Published on 2018/07/25
The EvoLLLution | Give Us 15 Minutes and We’ll Give You the Skills: How to Provide Ongoing Training for Online Adjunct Faculty
As online education becomes more widespread, it’s critical to find innovative and creative approaches to delivering ongoing training to the faculty who are delivering these offerings while also taking into account their limited time.
When you’re dealing with online adjunct faculty, teaching your teachers is a challenge. Full-time jobs, family members, and other responsibilities clamor for their precious time, so how do you grab a snippet of their attention? At Southern New Hampshire University (SNHU), we set out to answer that question, and the “3 Tips in 15 Minutes” webinar series was the result.

“3 Tips in 15 Minutes” is a weekly training program for our adjunct instructions in the social sciences and criminal justice programs. It started out as a pilot program in 2017, and steadily rising attendance, coupled with positive feedback from our instructors, led us to make it permanent.

What, exactly, is this program? As the name implies, it provides impactful training that only takes a quarter of an hour each week. We chose that timeframe for five main reasons:

  • Working professionals are saturated with meetings. In a survey of 1,900 business leaders, 72 percent reported spending more time in meetings than they did five years ago; 49 percent expected time in meetings to increase in the future (Rogelberg, et al. 2007).
  • We need their undivided attention. It has been said that attention is the “complex and somewhat mysterious process of allocating limited cognitive resources across myriad competing demands” (Miller, 2014 ). Simply put, our instructors are very busy people, and we are in direct competition with their obligations, distractions, etc.
  • Our primary focus is to offer information that supports their desire to enhance online-instructional performance. As such, we need their dedicated attention to be in concert with their working memory, which is critical to accomplishing one’s goals since it involves the selection of relevant information and keeping it at the ready state for retrieval.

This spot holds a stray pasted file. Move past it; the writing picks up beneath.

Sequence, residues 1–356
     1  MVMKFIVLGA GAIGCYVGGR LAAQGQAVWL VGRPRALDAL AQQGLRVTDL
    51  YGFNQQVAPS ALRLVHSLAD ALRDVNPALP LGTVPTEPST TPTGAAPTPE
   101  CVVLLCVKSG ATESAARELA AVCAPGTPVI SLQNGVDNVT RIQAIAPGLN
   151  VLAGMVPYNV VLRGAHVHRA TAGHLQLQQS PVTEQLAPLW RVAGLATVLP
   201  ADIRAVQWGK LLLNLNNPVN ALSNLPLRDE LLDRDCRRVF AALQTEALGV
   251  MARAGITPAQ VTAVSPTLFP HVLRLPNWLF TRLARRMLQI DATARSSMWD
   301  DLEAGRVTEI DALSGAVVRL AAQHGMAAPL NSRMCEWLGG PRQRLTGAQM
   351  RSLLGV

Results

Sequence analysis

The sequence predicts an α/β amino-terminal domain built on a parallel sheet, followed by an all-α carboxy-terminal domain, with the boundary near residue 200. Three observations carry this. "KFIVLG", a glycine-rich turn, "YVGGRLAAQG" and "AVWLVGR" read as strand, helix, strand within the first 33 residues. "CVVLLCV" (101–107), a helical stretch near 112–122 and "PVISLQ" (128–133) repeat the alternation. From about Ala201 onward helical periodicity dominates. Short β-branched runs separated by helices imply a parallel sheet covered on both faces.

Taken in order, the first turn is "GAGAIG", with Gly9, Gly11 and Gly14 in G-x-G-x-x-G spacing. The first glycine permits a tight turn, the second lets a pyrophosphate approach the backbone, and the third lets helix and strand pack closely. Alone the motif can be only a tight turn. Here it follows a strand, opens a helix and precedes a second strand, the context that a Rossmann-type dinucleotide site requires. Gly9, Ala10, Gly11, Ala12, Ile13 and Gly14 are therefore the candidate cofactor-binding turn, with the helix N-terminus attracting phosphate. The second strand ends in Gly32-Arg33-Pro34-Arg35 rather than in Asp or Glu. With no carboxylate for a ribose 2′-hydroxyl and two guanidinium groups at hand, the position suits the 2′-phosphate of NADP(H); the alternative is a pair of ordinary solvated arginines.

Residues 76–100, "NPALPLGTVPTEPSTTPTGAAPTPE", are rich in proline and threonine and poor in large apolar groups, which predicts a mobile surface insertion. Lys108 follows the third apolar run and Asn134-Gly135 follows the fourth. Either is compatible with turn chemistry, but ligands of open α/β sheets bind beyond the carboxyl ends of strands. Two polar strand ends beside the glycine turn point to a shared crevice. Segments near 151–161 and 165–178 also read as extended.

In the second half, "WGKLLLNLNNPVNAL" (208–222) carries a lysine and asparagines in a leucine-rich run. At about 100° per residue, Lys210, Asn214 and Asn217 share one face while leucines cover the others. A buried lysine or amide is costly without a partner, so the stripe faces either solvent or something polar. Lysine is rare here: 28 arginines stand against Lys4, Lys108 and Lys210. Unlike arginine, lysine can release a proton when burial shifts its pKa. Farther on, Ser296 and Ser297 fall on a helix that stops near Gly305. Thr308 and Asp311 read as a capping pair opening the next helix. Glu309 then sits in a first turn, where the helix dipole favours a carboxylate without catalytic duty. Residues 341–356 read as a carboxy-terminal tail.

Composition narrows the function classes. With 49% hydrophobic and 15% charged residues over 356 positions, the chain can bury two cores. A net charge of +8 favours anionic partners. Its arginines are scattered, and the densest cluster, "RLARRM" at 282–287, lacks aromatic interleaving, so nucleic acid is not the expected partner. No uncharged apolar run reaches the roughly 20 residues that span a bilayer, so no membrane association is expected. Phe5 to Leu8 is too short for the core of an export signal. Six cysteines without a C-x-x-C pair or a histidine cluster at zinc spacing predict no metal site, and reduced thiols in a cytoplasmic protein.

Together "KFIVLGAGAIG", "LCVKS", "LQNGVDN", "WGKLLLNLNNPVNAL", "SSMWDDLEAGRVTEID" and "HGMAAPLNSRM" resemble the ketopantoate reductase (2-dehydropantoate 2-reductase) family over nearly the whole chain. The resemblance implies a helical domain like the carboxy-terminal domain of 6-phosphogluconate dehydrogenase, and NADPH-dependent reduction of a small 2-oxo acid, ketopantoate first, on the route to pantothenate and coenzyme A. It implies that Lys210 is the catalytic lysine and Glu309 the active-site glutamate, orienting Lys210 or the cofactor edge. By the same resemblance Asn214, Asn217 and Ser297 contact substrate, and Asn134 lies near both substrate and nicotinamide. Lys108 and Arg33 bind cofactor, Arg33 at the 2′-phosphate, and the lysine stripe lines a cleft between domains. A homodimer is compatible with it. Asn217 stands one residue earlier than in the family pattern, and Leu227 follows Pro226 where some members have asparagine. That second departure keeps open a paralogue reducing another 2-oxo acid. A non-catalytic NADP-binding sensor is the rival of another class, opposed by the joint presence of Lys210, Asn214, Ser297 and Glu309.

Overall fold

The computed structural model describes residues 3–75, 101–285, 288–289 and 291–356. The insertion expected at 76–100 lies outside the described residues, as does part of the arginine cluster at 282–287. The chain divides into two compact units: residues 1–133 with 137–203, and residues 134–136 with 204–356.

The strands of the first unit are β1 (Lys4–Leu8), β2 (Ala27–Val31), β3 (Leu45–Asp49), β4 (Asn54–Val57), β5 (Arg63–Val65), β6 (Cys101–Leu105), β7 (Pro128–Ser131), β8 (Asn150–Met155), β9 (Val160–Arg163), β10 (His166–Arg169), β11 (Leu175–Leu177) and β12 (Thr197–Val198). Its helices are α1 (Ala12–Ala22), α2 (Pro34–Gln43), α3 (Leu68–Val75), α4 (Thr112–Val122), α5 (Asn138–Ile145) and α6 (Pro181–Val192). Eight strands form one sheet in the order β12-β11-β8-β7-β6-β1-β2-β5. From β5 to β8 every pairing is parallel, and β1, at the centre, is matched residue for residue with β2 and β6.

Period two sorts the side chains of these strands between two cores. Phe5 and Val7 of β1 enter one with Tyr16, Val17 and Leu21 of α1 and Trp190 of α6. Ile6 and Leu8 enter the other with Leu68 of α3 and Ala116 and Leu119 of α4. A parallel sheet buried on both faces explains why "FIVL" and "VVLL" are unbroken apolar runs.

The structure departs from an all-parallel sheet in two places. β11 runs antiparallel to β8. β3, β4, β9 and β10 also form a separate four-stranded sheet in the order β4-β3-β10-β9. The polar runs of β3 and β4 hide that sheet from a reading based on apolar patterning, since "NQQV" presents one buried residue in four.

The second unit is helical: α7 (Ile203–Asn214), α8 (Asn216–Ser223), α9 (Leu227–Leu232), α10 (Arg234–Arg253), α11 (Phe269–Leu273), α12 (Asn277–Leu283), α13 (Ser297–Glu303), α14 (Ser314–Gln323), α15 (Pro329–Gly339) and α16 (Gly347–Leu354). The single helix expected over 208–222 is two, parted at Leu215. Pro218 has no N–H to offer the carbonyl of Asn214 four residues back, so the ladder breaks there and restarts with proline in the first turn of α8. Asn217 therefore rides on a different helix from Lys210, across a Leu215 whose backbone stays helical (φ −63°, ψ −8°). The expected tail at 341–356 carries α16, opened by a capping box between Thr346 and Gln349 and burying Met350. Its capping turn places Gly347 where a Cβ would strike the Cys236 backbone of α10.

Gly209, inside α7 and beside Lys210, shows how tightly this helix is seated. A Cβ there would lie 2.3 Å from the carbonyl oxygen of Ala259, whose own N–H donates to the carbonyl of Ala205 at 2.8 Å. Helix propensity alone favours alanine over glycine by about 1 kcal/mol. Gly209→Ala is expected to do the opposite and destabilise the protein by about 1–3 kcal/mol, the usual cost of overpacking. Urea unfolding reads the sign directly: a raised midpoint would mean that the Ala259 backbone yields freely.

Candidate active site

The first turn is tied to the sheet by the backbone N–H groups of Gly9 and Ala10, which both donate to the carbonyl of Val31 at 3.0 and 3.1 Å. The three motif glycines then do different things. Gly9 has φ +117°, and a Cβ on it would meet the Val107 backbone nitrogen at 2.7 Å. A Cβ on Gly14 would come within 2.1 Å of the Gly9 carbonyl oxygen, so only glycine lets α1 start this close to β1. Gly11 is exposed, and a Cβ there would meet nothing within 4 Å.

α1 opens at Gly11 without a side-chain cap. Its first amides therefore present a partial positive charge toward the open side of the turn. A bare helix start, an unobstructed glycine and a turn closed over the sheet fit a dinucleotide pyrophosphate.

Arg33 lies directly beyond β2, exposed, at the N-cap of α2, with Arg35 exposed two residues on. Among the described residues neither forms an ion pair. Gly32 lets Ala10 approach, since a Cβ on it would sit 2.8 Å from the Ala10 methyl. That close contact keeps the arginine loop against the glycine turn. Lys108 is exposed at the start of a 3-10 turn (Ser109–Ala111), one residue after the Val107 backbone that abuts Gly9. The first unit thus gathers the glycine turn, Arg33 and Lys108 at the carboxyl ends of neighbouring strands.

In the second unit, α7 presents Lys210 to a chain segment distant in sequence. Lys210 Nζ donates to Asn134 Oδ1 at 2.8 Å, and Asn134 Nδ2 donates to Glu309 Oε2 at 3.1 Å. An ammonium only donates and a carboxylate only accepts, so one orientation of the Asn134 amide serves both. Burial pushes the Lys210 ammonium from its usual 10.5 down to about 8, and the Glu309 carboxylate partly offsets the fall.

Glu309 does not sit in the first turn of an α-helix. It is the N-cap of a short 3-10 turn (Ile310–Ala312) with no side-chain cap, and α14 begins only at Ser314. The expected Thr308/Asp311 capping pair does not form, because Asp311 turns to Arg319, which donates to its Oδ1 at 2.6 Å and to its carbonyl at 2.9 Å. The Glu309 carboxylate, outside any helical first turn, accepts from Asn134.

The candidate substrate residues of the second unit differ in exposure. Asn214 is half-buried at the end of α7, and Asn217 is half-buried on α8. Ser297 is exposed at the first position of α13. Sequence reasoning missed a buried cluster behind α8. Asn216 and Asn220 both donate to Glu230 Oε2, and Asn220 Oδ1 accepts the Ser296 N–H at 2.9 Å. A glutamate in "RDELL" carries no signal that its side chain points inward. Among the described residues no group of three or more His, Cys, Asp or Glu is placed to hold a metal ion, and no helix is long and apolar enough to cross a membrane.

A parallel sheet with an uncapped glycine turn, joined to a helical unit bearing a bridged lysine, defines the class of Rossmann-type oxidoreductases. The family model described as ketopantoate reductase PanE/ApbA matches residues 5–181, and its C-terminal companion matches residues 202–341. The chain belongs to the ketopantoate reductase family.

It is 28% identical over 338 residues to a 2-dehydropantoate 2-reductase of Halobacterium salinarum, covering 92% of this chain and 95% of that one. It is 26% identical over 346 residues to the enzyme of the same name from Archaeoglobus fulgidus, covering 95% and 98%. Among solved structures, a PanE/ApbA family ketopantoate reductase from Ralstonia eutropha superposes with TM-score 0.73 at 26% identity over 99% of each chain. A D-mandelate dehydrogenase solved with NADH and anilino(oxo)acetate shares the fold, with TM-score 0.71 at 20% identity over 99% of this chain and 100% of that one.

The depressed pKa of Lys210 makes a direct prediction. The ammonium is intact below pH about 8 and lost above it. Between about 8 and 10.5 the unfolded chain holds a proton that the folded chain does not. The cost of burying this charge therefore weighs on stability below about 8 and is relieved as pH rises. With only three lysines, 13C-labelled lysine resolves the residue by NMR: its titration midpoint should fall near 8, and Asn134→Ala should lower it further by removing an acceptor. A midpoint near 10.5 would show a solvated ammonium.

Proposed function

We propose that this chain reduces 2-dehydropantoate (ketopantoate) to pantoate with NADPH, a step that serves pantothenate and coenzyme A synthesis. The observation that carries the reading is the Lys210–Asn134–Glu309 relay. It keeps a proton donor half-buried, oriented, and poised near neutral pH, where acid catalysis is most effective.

• With the limit of 15 minutes, we avoid contamination from potentially irrelevant information that may rob attention from the focal point(s).
  • Allocating time to a variety of obligations is fraught with risk. We seek to identify and prioritize based upon assessment of risk, and we attend to those activities that offer the best payoff with the least amount of risk (Khaneman, 2007) In other words, 15 minutes may be less likely to impose upon the instructor’s allocation and distribution of their time based upon prioritization.

Each week we choose topics that help instructors solve some of their most common problems and provide information they can use immediately in the classroom. Our topic choices are on track, as one instructor’s feedback demonstrates. Shortly after a recent presentation, she told us, “I want to let you know how helpful the Wednesday webinars have been for me. Just last night you covered a situation that I had to address today.”

We don’t try to duplicate the robust faculty training program already in place at SNHU. Instead, we expand on some of the topics they cover, adding a social sciences/criminal justice slant. We also create webinars based on common challenges and repetitive questions, and we educate instructors on services available to their students, like our Online Accessibility Center and Writing Center. Sometimes we run a miniseries that spans multiple weeks. For example, one popular series demystified the student dispute process and educated faculty on how to head off common disputes with detailed grading feedback and strong communication skills.

We make attendance easy by holding the sessions every Wednesday night at 8 p.m. ET to accommodate instructors who work during the day and live in various time zones. We also record the webinars for those who cannot attend in person. Instructors are happy with the timeframe, making comments like these in our recent survey:

  • “I like that they are only 15 minutes or so. It’s an easy amount of time to devote to skill-building.”
  • “These are quick and clear presentations that are not overwhelming.”